We’ve all heard the term growing pains, but what exactly are they? Although fairly common in children, it’s difficult to pinpoint a specific cause, according to Dr. Karen Onel, Chief of Pediatric Rheumatology at HSS.
Often used to describe childhood aches and pains, the term itself is a misnomer, as "growing pains" have nothing to do with growth. “Classic ‘growing pains’ occur in small children,” says Dr. Onel, who describes a typical scenario: “A child goes to bed and wakes up an hour or so later crying because of pain in their legs. They may ask to have the area rubbed to make it feel better; eventually the child goes back to sleep. The next morning, the youngster is fine, goes to school and engages in all of their usual activities. The next night, the child goes to bed and again wakes up crying in pain.”
It can be frightening for parents and upsetting for children, especially if it goes on for a couple of weeks. Despite the disruption, growing pains are usually a normal part of childhood and generally not cause for alarm, according to Dr. Onel.
A second type of pain is also often called “growing pains.” These pains occur in older kids and are thought to come from the demands placed on an active child’s muscles throughout the day from playing a sport, running, climbing and jumping, according to Dr. Onel. This type of pain is often felt after activities or later in the day, but rarely wakes children up from sleep.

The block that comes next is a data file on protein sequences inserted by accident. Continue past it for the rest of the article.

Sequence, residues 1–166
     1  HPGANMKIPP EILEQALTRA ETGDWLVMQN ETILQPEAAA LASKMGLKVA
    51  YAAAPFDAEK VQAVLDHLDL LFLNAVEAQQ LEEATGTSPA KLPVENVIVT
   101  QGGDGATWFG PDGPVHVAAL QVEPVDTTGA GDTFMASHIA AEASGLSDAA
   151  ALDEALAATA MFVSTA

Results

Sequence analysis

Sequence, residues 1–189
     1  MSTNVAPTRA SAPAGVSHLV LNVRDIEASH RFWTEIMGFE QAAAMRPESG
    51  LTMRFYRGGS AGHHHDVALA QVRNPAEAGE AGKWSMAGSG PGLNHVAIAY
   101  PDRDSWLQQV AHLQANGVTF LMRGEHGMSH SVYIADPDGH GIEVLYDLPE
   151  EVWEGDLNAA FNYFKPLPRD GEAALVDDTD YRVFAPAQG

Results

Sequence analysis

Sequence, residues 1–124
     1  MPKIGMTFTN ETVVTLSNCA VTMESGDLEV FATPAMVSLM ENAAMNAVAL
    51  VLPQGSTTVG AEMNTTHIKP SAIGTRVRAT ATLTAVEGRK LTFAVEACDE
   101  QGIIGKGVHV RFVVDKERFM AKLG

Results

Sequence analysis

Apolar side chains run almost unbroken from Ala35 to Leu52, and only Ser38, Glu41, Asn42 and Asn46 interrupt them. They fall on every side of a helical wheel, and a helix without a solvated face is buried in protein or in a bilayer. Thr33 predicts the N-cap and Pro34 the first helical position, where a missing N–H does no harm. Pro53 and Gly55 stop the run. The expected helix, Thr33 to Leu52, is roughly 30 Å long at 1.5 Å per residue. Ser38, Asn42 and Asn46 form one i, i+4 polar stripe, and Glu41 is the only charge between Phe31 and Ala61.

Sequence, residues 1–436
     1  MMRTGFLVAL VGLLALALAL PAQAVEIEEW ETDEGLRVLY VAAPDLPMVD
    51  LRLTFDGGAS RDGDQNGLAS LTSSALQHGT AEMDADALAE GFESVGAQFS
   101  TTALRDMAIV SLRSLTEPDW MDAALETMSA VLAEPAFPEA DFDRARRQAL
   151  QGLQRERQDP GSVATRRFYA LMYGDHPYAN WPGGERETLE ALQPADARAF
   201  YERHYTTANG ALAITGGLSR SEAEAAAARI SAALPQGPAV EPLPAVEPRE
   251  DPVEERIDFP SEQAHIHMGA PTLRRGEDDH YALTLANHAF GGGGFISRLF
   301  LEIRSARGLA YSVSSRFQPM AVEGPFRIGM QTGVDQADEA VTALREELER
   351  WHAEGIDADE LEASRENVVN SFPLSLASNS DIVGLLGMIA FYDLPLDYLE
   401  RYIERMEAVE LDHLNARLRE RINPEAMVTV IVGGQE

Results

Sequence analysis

“It’s important to remember that kids are very active and some aches and pains are normal, especially if they play a lot of sports,” Dr. Onel says. “If a child is playing soccer 12 hours a week or taking ballet lessons and dancing 15 hours a week, some soreness may be expected.” If a child or teenager seems to be participating in excessive athletic activity, Dr. Onel advises parents to persuade them to listen to their bodies and take a break, especially if they start feeling aches and pains.
When is a child’s pain a sign of something more serious? Dr. Onel says parents should be on the lookout for the following symptoms:
Pain accompanied by fever, a rash or loss of appetite should prompt an immediate visit to the child’s doctor, Dr. Onel says.
A more serious problem can be misdiagnosed as growing pains, and if a child is experiencing persistent pain, it may be a good idea to see an expert. “We’ve seen children with swollen joints and morning stiffness being told they have growing pains, while they were getting progressively worse over weeks or even months,” says Dr. Onel. “The nice thing about HSS is that we have all the appropriate specialists to make the right diagnosis, whether it’s a pediatric orthopedic surgeon, a rheumatologist or a sports medicine physician.”
When the cause of discomfort is indeed “growing pains,” the good news is that they eventually go away and do not interfere with growth. In the meantime, parents can help their child feel better with gentle massage and a dose of children’s acetaminophen (Tylenol) or ibuprofin (Motrin).